Can we just add one more feature?
When you’re building a digital product, it’s all too easy to get carried away, both as a client and as a developer. The story usually goes like this: what starts out as a small change request quickly turns into a growing wish list. You keep creating functionality after functionality, adding feature upon feature. And before you know it, you lose sight of the project’s initial goals and end up with something that looks nothing like what you’d set out to do.
The result is rarely, if ever, a pretty sight. Typically, you’ll find yourself with:
- A project that’s gone over time and over budget.
- A bloated, Frankenstein-like product, which is difficult to understand. And even more difficult to use.
- Frustration across the board, including users, the client and the project manager.
- A lot of resources down the drain.
Enters the feature creep
Aka scope or requirement creep, feature fatigue, featuritis and feature bloat. Born out of the best intentions, the feature creep is usually rooted in the wrong assumption that having more features means more customer value. The truth, however, is often quite the opposite: excessive features can actually make a product less valuable to customers. No one needs fifty-button remote controls, gadgets that come with book-length manuals or apps offering a dizzying amount of functionalities that nobody understands. Or cares about.
Don’t get me wrong, any of us can catch featuritis. In fact, according to the Project Management Institute’s 2018 Pulse of the Profession survey, 52% of projects suffered from it in the past 12 months, up from 43% five years ago. The feature creep may pop its nasty head up for many reasons, from poorly defined project scopes through sketchy planning and lack of research to changing priorities. But whatever the cause, one thing is for sure: you need to tame the beast or it will eat up your product.
Our feature prioritization scoring system
When we start a new project, one of the first things we do is define the product as clearly as possible, and narrow the concept down to its main objectives. Take a GPS satnav, for example. Its fundamental aim is to find the best way of getting from A to B. Not to listen to music, let alone to watch movies. The questions we ask at this point are: What does the market need? And the business? The product will only work if it answers both sets of needs.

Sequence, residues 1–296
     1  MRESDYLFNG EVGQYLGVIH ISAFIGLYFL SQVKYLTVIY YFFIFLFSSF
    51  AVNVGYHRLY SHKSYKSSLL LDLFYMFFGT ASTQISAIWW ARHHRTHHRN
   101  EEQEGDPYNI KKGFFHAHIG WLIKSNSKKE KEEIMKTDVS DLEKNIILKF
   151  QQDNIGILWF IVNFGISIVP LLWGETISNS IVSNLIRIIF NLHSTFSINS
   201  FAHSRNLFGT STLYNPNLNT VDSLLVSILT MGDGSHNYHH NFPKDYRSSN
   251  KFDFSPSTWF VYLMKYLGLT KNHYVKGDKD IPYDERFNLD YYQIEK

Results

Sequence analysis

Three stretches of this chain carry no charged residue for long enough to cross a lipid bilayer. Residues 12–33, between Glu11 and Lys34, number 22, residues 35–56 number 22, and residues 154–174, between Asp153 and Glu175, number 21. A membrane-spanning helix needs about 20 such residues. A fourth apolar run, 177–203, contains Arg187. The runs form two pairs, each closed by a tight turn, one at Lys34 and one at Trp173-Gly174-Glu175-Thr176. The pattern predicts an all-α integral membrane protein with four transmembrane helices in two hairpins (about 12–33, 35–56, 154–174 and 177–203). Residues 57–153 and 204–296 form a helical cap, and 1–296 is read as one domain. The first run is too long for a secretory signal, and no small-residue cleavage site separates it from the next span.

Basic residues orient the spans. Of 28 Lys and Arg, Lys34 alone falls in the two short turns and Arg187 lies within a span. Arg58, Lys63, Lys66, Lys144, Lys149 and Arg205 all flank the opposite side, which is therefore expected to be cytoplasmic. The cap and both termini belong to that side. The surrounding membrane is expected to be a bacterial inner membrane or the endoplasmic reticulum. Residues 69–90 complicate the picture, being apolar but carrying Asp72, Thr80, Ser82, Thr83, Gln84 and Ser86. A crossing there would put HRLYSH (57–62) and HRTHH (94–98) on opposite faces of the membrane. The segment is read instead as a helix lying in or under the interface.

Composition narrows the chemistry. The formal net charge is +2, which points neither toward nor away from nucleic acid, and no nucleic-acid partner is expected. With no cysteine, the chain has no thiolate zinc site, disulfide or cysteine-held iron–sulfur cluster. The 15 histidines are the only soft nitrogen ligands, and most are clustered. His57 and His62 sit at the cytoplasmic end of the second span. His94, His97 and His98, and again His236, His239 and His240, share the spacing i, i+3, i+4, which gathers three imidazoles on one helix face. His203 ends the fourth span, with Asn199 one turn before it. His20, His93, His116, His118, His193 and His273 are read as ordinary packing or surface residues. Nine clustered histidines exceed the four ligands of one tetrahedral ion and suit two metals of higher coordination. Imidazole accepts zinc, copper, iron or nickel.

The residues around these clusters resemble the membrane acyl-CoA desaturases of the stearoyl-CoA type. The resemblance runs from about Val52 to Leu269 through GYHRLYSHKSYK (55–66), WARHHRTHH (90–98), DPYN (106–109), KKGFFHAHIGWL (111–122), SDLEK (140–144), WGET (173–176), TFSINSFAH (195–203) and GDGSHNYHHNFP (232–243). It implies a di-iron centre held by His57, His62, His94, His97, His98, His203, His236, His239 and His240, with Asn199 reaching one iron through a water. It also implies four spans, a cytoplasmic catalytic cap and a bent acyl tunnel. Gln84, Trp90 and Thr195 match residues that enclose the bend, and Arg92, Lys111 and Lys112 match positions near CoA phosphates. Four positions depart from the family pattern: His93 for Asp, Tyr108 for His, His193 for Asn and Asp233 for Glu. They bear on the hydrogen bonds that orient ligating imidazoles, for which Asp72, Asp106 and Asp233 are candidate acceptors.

We collect all potential functionalities and add why a particular feature might be handy. Then comes the evaluation process, that we like to call the value scoring model. It is based on three aspects: business value, customer value and the complexity of the task from a technology point of view. But what do they exactly mean?
- Business value: Which features serve the business goals of the product best?
- Customer value: Which features will potential users find the most important and most valuable?
- Technology Complexity: How technologically challenging is the feature? What components does it have? How hard is it to build?
We like to use a Fibonacci sequence – you know, 1, 1, 2, 3, 5, 8, 13 – to estimate how valuable each feature is for the business and for the market, and how much effort it will take to build it.
First off, everybody needs to get inside the user’s head and rank the features according to customer value. What motivates users? What do they say about similar products on the market? If a feature is super-important, we give it 1 point, if moderately important, 5, 8 or 13, if unimportant, 21 or 34 and so on. Then we go through the list again and do the same for business value. When done, the developer team also scores the proposed functionalities for complexity: if something is very simple, it gets 1 point, if fairly complex, 34 or maybe 55 points.
You add the points up and get rid of the features with the highest totals. Show no mercy. Only those features should be built that are business-critical or create the most customer value, and are also feasible within the project’s scope, timeline and budget. Take user authentication, for example. In many apps, it has hardly any benefits for the customer so it gets a high score. By contrast, it represents a core value from a business perspective, resulting in a low score. It’s also very easy to build into any digital product these days. Another low score. The verdict? This feature is a top priority so it will be created early on.
How to keep a product on track?
Rule No. 1: Never ever build everything that everyone wants. A useful rule of thumb is that if a new feature comes up, another one of the same size should be removed. Otherwise the team won’t be able to deliver the project on time and budget.
Rule No. 2: Talk to customers and test with users. Product development is not a guessing game.
Rule No. 3: Don’t just copy your competitors. “Competitors have it” is hardly a strong argument in product development. If you copy your competitors’ bad features, you will deliver the same bad product. With delay.
Rule No. 4: Assess your backlog regularly, using the feature value scoring model (or any system of your choosing) so your feature backlog and the product stay nice and tidy.
How do you say no to the feature creep? Let us know in the comments below. And while you’re at it, see how we built LiveRobe’s minimum viable product here.